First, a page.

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Guido Cervone EOS 121 Lecture 4


of pressure is the mercury barometer. invented by Evangelista Torricelli in 1643. ... of the column of mercury in a barometer, which at sea level averages 76 cm ... – PowerPoint PPT presentation

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Title: Guido Cervone EOS 121 Lecture 4

Chapter IV
Guido CervoneEOS 121 Lecture 4
The atmosphere contains a tremendous number of
gas molecules being pulled toward Earth by the
force of gravity. These molecules exert a force
on all surfaces with which they are in contact,
and the amount of that force exerted per unit of
surface area is pressure.
The standard unit of pressure is the pascal
(Pa). Meteorologists in the U.S. use the
millibar (mb), which equals 100 Pa. Canadian
meteorologists use the kilopascal (kPa), equal
to 1000 Pa, or 10 mb. Air pressure at sea level
is roughly 1000 mb (100 kPa) or more precisely,
1013.2 mb.
The enclosed air molecules move about continually
and exert a pressure on the interior walls of the
container (a). Pressure can increase by
increasing the density of the molecules (b) or
increasing the temperature (c). If the air in
the container is a mixture of gases, each gas
exerts its own specific amount of pressure,
referred to as its partial pressure. The total
pressure exerted is equal to the sum of the
partial pressures. This relationship is known as
Daltons law.
Surface pressure is the pressure actually
observed at a particular location, whereas sea
level pressure is the pressure that would exist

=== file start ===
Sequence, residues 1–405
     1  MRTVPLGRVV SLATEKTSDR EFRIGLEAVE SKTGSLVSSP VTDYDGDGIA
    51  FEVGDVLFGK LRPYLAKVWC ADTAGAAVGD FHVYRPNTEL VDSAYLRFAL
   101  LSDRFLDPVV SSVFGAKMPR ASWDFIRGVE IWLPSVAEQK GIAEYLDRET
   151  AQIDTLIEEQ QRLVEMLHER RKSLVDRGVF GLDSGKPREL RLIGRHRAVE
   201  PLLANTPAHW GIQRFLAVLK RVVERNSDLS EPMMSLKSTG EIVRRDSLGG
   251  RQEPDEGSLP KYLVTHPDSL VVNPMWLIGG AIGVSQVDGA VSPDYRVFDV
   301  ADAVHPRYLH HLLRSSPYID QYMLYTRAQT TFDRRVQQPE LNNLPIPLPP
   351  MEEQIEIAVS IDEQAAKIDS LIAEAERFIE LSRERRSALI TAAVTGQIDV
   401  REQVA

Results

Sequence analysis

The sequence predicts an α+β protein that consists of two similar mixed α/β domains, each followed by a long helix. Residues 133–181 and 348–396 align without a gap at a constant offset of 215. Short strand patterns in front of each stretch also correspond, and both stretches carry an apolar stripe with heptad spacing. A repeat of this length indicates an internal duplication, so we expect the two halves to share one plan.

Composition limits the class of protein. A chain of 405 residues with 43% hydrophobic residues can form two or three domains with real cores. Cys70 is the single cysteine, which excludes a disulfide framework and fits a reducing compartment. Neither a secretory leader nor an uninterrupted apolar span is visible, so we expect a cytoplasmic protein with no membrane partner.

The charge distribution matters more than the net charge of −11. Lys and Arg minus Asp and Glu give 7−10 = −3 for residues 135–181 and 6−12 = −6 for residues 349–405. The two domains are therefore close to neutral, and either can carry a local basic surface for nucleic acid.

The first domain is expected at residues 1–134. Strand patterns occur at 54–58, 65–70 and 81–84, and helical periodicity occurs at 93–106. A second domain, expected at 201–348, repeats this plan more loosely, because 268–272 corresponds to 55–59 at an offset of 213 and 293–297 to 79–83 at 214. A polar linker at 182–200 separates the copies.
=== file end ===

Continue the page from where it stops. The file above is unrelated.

if the observation point were at sea level. Sea
level pressure allows us to compare pressure at
different locations taking into account
differences in elevation. To correct for
elevation, add 1 mb per 10 meters. For
high-elevation sites, this method is unreliable
because we must account for compressibility of
the atmosphere.
Pressure does not decrease at a constant rate.
It decreases most rapidly at low elevations and
at greater heights. Pressure decreases with
altitude by about half for each 5.5 km.
The Equation of State (Ideal Gas Law) p
?RT where p is pressure expressed in pascals, ?
(rho) is density in kilograms, R is a constant
equal to 287 joules per kilogram per kelvin, T is
temperature in kelvins. The equation tells us if
the air density increases while temperature is
held constant, the pressure will increase, and at
constant density, an increase in temperature
leads to an increase in pressure.
The standard instrument for the measurement of
pressure is the mercury barometer invented by
Evangelista Torricelli in 1643. Barometric
pressure is often expressed as the height of the
column of mercury in a barometer, which at sea
level averages 76 cm (29.92 in). To convert
barometric heights to millibars 1 cm 13.32
mb 1 inch 33.865 mb
An alternative instrument for the observation of
pressure is the aneroid (without liquid)
barometer which contains a collapsible chamber
from which some of the air has been removed. The
weight of the atmosphere presses on the chamber
and compresses it by an amount proportional to
the air pressure. Aneroid devices that plot
continuous values of pressure over extended
periods are called barographs.
An isobar is a line that connects points having
exactly the same sea level pressure drawn at
intervals of 4 mb on surface weather maps. The